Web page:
Earlier this year, Holden announced it would begin to import Opel’s high performance VXR models to Australia, beginning with the Insignia and Astra VXR. More high-performance European models will arrive on the shores of Oz down the road, and Opel performance manager Wilfriend Diehl is concerned the move may rob sales of Holden’s own high-performance HSV sub-brand.
Diehl’s main concern over HSV is that VXR “does the same job,” and will rob HSV of their already miniscule sales of 3,000 units per year. HSV boss Tim Jackson proudly proclaimed the “future is bright,” for the company beyond 2017, when Holden will cease production of the popular Commodore, however Diehl’s words paint a darker picture.
“We will be cutting their (HSV’s) grass, yes,” Diehl told Wheels. “If a new model comes into the market somebody is going to lose market share. And because HSV has the same attitude towards its cars as we do to our performance models, they will compete.”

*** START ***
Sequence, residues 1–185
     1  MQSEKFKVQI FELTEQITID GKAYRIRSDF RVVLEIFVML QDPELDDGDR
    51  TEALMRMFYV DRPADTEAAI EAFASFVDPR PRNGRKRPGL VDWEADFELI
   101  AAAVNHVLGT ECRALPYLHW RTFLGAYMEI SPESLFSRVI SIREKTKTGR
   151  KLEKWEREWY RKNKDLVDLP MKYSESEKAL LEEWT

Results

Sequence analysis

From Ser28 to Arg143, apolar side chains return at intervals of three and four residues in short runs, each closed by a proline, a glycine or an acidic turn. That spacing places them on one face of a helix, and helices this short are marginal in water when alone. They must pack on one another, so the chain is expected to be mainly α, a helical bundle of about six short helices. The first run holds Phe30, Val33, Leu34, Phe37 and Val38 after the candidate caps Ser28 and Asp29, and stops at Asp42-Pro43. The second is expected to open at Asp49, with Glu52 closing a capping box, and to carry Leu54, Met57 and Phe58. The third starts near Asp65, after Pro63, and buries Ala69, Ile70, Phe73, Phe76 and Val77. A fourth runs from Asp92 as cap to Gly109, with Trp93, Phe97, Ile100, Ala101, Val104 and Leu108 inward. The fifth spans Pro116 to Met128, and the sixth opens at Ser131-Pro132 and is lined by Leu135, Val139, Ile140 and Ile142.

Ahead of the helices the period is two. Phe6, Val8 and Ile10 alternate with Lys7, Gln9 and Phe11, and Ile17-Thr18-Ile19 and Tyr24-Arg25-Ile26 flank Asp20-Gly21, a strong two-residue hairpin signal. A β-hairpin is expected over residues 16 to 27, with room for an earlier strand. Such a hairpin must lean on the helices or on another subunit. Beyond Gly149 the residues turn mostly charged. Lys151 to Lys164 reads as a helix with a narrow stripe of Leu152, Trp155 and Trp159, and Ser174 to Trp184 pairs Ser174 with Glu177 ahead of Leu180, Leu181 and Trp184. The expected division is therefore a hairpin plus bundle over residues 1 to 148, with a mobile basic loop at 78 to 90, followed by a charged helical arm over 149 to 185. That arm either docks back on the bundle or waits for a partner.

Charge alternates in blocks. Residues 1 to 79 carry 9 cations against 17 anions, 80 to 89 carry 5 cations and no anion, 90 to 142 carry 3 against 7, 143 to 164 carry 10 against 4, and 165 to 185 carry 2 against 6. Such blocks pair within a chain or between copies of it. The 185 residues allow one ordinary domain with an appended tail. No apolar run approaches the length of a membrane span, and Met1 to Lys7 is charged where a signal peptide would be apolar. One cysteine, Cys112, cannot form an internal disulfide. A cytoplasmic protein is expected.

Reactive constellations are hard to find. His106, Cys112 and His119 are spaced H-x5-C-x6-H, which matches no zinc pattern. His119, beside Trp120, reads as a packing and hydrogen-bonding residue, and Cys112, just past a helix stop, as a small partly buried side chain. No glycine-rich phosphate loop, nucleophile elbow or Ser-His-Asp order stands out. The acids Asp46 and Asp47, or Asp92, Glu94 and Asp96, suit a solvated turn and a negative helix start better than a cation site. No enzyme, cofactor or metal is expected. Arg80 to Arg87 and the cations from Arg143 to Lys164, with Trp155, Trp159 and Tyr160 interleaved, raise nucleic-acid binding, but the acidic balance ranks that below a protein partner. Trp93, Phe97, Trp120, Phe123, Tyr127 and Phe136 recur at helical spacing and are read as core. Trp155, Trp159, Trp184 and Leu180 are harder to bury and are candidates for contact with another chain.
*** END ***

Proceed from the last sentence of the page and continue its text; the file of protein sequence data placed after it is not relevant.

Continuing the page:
“I know Australians will choose our cars so I hope we will create new customers and HSV isn’t affected, but it really is the same type of product,” he added.
The Commodore, which is the core of HSV’s business, will likely be replaced by the next-generation Insignia beyond 2017. A VXR variant of that car is bound to arrive in the country, so it will be up to HSV to offer a product different enough from VXR’s so the two don’t overlap completely.
HSV said it would stay focused on delivering performance cars to its many passionate customers, whether the V8 Commodore is around or not. The brand could be tasked with importing and adding a bit of Australian flare to future rear-wheel drive models imported into the country from the United States, like the Camaro or Corvette, for example. HSV could also find a niche by offering models that are faster and more hardcore than VXR’s.
Holden said it’s up to HSV to create a product lineup which will still be appealing to customers when VXR is around and the Commodore has departed.
“HSV can speak for itself about where its product is pitched,” Holden corporate affairs director George Svigos said. “But we’re looking forward to bringing the VXR product in.”